The inspiration for the last feature, the HTTP service map, came from Grafana Tempo. Tempo has a “traces to metrics” feature that aggregates distributed traces as Prometheus metrics. In a similar vein, Hubble aggregates network flows as metrics that can be visualized with the Prometheus data source. But what caught our eye was the service map provided by Tempo, using the node graph visualization. The Tempo service map is rendered using Prometheus metrics. We decided to do the same thing — transform Hubble HTTP metrics into a graph.

Our service map visualizes all HTTP traffic flowing through a Kubernetes cluster. You can choose between a global cluster view and a single namespace view. The map’s granularity is configurable on the Hubble side, and depending on your requirements, you can have a node per pod, IP address, Kubernetes workload or Kubernetes label. In addition to the graph visualization, the service map displays RED statistics about the HTTP traffic: requests per second, errors rate, and average request duration.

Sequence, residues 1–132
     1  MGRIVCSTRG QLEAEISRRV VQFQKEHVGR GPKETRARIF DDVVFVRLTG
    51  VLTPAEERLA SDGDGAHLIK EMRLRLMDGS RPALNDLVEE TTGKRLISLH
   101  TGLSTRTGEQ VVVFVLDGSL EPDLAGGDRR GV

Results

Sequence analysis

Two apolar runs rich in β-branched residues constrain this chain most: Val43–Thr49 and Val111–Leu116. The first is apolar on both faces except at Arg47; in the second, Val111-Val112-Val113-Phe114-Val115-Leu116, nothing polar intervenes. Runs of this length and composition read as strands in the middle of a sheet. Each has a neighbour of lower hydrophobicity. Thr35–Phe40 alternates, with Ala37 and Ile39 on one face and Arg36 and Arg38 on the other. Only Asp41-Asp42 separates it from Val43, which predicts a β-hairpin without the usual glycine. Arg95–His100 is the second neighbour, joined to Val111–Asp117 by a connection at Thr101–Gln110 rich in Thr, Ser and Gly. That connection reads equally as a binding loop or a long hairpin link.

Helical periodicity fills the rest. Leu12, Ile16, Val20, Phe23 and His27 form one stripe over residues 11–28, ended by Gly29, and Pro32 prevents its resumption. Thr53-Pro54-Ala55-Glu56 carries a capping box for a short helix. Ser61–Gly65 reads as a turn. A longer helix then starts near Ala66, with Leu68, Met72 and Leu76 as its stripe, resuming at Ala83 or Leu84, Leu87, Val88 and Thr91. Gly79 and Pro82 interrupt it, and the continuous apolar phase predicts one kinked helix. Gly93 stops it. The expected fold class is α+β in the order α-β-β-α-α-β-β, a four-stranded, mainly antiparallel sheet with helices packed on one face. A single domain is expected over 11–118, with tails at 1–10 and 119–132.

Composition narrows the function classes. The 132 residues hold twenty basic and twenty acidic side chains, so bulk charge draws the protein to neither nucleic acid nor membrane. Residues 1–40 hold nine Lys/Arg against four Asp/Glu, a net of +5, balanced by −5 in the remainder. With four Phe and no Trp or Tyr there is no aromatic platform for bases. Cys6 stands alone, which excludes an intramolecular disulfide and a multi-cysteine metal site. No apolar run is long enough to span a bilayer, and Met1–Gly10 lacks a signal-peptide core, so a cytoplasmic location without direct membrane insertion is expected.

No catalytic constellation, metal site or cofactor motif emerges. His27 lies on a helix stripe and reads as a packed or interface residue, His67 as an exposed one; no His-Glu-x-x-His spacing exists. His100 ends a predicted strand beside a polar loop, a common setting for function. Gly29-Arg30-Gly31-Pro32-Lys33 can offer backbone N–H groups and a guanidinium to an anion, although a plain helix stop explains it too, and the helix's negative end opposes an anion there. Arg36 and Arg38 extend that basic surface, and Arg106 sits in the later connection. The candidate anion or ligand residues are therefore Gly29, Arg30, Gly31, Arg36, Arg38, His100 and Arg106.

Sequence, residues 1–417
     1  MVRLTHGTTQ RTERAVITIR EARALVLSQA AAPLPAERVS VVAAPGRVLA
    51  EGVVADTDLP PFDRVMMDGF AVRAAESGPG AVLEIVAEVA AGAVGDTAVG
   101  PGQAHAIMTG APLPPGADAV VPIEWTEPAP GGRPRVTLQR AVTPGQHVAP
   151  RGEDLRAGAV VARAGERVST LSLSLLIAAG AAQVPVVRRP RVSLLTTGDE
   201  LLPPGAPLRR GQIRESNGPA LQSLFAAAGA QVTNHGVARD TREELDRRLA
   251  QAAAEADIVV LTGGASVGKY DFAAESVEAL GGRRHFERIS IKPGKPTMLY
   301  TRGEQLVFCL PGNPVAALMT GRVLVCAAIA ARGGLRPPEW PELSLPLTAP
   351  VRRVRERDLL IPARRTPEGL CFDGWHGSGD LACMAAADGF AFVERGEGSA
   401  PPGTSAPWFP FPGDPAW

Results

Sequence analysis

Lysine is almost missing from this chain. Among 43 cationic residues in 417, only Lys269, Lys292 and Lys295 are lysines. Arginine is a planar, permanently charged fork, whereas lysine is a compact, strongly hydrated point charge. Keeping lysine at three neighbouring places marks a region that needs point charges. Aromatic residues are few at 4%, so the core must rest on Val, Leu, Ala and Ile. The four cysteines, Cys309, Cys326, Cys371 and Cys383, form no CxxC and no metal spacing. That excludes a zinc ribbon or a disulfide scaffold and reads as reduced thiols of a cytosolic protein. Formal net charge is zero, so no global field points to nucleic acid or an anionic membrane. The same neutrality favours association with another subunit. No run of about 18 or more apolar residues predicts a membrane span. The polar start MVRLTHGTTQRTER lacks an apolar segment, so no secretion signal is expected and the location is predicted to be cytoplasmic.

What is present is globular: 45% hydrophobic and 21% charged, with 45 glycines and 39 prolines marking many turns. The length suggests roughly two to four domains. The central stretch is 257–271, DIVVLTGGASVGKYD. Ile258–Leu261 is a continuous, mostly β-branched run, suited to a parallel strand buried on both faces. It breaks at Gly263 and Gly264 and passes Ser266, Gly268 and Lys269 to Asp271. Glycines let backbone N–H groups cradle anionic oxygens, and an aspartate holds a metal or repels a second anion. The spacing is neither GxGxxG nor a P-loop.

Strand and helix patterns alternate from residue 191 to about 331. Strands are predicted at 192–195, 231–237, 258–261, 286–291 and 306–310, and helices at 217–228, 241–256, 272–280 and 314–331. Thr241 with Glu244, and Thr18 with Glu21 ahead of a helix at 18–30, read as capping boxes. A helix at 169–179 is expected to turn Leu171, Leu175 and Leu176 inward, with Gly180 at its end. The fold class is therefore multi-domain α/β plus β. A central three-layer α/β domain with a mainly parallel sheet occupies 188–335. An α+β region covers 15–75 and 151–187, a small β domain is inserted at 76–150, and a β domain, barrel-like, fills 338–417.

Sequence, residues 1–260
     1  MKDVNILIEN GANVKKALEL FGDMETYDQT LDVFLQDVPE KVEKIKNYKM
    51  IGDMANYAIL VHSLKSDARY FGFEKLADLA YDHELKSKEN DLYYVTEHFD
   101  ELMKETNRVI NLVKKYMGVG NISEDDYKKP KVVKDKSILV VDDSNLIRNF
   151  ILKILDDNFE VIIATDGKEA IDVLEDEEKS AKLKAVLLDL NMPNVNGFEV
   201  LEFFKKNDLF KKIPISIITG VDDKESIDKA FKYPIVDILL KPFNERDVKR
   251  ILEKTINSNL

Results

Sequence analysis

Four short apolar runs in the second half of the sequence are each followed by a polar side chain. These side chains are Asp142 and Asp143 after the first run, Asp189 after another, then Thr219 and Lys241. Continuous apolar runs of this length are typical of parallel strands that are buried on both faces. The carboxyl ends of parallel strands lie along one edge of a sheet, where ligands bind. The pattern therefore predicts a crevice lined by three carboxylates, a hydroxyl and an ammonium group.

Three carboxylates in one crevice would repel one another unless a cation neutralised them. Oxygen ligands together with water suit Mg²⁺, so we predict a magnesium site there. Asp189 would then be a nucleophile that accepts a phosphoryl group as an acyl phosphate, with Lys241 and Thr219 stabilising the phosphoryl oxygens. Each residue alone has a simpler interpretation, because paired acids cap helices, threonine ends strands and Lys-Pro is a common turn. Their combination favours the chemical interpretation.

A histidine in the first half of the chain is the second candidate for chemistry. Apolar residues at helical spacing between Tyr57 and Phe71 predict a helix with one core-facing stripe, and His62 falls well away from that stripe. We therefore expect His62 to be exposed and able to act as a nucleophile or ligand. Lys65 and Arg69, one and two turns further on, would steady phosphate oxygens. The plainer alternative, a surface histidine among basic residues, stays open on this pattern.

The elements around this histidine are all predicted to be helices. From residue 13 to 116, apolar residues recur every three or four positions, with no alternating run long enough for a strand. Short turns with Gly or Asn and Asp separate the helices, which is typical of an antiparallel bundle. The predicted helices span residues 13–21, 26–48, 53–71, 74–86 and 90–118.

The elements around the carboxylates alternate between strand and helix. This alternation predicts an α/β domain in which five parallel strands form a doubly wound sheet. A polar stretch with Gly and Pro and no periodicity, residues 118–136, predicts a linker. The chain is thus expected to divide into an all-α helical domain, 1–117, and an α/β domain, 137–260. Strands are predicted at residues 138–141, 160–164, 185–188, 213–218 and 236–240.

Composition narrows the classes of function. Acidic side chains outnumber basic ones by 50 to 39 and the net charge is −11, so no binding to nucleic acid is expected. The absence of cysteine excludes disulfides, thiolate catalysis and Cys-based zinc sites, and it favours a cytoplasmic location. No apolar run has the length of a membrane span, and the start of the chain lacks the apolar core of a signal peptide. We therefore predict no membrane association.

What’s next for Hubble and Grafana?

The process of developing a data source plugin was really smooth for us. Despite our lack of experience in Typescript (most of us are Go developers) we managed to ramp up quickly thanks to the Grafana tooling for plugin developers. The feedback we received from the Grafana Labs team was also incredibly helpful.

The story by no means ends here. The Hubble data source plugin is currently published in the beta stage, and we are actively developing it. We are working on extending the existing functionality, such as additional filters for the flows query or the service map as well as adding completely new features.

One of the things on our roadmap is support for Hubble Relay, which streams live network flows from a Kubernetes cluster. This feature will make the flows query available for Cilium open source users who don’t store events in Hubble Timescape.

We are more than happy to receive feedback and discuss new plugin features in our Slack community. Give the Hubble data source plugin a try and join the conversation in #grafana channel in Cilium & eBPF Slack!